Floating EMG sensors and stimulators wirelessly powered and operated by volume conduction for networked neuroprosthetics
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Wireless power transferVolume conductionAIMDsBidirectional communicationsElectromyographySensorElectrical stimulation
Becerra-Fajardo, L... [et al.]. Floating EMG sensors and stimulators wirelessly powered and operated by volume conduction for networked neuroprosthetics. J NeuroEngineering Rehabil 19, 57 (2022). [https://doi.org/10.1186/s12984-022-01033-3]
SponsorshipEuropean Commission 779982; European Research Council (ERC) 724244; CSIC Interdisciplinary Thematic Platform (PTI+) NEURO-AGINGl+ (PTI-NEURO-AGING+); ICREA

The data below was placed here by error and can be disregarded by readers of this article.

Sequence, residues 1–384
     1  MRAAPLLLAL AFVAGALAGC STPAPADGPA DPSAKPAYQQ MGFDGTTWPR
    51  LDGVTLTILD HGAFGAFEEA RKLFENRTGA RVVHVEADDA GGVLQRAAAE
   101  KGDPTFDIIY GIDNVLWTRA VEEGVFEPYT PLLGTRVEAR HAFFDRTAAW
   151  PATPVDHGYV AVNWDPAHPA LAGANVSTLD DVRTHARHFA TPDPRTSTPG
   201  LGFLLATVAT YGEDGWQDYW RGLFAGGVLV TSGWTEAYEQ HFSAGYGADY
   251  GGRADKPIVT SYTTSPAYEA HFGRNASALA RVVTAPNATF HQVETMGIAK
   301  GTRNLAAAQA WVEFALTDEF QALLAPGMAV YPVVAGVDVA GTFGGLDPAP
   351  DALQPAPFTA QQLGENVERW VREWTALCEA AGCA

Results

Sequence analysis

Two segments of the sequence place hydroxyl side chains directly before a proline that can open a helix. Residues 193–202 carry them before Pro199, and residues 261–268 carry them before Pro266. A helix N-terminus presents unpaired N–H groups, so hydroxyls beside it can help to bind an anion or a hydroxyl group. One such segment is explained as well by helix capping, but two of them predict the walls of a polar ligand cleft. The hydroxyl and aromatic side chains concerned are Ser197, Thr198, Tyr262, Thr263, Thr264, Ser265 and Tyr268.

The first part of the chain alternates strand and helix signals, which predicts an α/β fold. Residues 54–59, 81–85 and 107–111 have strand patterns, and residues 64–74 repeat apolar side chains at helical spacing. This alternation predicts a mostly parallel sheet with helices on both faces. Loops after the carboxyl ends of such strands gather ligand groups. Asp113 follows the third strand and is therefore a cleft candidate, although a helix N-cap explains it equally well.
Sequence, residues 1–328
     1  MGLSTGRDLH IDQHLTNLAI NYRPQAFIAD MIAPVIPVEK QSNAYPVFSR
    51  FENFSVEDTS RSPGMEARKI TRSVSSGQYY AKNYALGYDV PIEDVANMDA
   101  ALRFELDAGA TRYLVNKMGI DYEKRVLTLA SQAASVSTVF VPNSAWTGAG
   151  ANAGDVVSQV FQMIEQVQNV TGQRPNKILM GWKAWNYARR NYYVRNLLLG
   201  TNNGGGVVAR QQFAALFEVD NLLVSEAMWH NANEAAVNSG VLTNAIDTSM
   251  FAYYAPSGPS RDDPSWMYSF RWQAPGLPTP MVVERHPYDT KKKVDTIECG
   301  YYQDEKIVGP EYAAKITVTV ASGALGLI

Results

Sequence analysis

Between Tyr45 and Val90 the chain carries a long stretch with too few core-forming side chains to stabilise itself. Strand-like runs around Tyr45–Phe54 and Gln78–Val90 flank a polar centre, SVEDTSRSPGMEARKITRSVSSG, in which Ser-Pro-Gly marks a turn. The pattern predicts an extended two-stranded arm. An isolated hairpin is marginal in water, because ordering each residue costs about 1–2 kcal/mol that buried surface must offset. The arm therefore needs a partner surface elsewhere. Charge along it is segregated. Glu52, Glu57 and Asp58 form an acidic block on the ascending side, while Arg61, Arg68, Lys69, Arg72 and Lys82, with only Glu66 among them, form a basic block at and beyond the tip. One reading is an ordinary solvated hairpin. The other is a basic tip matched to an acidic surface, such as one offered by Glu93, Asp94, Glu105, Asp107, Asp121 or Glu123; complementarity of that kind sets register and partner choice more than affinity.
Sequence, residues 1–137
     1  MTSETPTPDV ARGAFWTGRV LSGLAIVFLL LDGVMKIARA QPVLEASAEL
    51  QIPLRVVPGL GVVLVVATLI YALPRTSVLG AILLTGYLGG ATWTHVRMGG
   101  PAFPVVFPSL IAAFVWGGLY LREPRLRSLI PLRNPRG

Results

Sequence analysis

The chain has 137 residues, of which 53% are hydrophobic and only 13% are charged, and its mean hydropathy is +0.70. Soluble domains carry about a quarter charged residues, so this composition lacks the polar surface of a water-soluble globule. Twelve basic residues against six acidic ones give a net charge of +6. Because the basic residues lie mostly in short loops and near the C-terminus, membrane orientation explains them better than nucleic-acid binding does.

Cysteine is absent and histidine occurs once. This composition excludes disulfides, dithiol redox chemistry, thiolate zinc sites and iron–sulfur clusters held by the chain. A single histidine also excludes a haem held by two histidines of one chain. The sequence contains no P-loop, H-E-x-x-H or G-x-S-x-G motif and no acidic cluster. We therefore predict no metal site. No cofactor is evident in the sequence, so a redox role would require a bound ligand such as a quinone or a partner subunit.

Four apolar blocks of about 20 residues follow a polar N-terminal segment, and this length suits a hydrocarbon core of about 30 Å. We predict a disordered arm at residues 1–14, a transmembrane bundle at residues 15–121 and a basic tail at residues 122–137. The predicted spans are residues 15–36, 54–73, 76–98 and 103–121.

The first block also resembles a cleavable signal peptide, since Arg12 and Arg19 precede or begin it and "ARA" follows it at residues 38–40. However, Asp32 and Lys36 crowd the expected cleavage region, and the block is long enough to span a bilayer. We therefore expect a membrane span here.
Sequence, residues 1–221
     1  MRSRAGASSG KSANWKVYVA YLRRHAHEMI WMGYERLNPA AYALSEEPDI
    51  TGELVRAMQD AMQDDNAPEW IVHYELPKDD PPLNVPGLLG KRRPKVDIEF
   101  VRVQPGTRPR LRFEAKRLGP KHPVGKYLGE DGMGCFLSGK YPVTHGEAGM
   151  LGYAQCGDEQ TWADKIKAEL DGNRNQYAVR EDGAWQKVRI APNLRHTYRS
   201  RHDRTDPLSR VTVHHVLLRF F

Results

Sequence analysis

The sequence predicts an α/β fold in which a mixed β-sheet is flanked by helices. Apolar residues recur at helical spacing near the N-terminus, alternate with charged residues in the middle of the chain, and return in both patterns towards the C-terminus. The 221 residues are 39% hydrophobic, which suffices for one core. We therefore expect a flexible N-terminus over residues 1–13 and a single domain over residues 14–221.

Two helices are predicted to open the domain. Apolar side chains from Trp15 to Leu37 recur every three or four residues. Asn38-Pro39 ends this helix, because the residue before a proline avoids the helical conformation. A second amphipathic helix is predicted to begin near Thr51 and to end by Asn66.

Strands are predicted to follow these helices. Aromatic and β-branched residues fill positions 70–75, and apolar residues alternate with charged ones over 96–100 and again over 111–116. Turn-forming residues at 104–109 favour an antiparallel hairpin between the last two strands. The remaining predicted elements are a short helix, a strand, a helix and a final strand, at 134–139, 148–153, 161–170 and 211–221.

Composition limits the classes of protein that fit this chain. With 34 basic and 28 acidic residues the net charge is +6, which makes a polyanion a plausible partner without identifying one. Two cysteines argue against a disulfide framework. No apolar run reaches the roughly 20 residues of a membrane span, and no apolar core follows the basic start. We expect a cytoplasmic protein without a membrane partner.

Background: Implantable neuroprostheses consisting of a central electronic unit wired to electrodes benefit thousands of patients worldwide. However, they present limitations that restrict their use. Those limitations, which are more adverse in motor neuroprostheses, mostly arise from their bulkiness and the need to perform complex surgical implantation procedures. Alternatively, it has been proposed the development of distributed networks of intramuscular wireless microsensors and microstimulators that communicate with external systems for analyzing neuromuscular activity and performing stimulation or controlling external devices. This paradigm requires the development of miniaturized implants that can be wirelessly powered and operated by an external system. To accomplish this, we propose a wireless power transfer (WPT) and communications approach based on volume conduction of innocuous high frequency (HF) current bursts. The currents are applied through external textile electrodes and are collected by the wireless devices through two electrodes for powering and bidirectional digital communications. As these devices do not require bulky components for obtaining power, they may have a flexible threadlike conformation, facilitating deep implantation by injection. Methods: We report the design and evaluation of advanced prototypes based on the above approach. The system consists of an external unit, floating semi-implantable devices for sensing and stimulation, and a bidirectional communications protocol. The devices are intended for their future use in acute human trials to demonstrate the distributed paradigm. The technology is assayed in vitro using an agar phantom, and in vivo in hindlimbs of anesthetized rabbits. Results: The semi-implantable devices were able to power and bidirectionally communicate with the external unit. Using 13 commands modulated in innocuous 3 MHz HF current bursts, the external unit configured the sensing and stimulation parameters, and controlled their execution. Raw EMG was successfully acquired by the wireless devices at 1 ksps. Conclusions: The demonstrated approach overcomes key limitations of existing neuroprostheses, paving the way to the development of distributed flexible threadlike sensors and stimulators. To the best of our knowledge, these devices are the first based on WPT by volume conduction that can work as EMG sensors and as electrical stimulators in a network of wireless devices.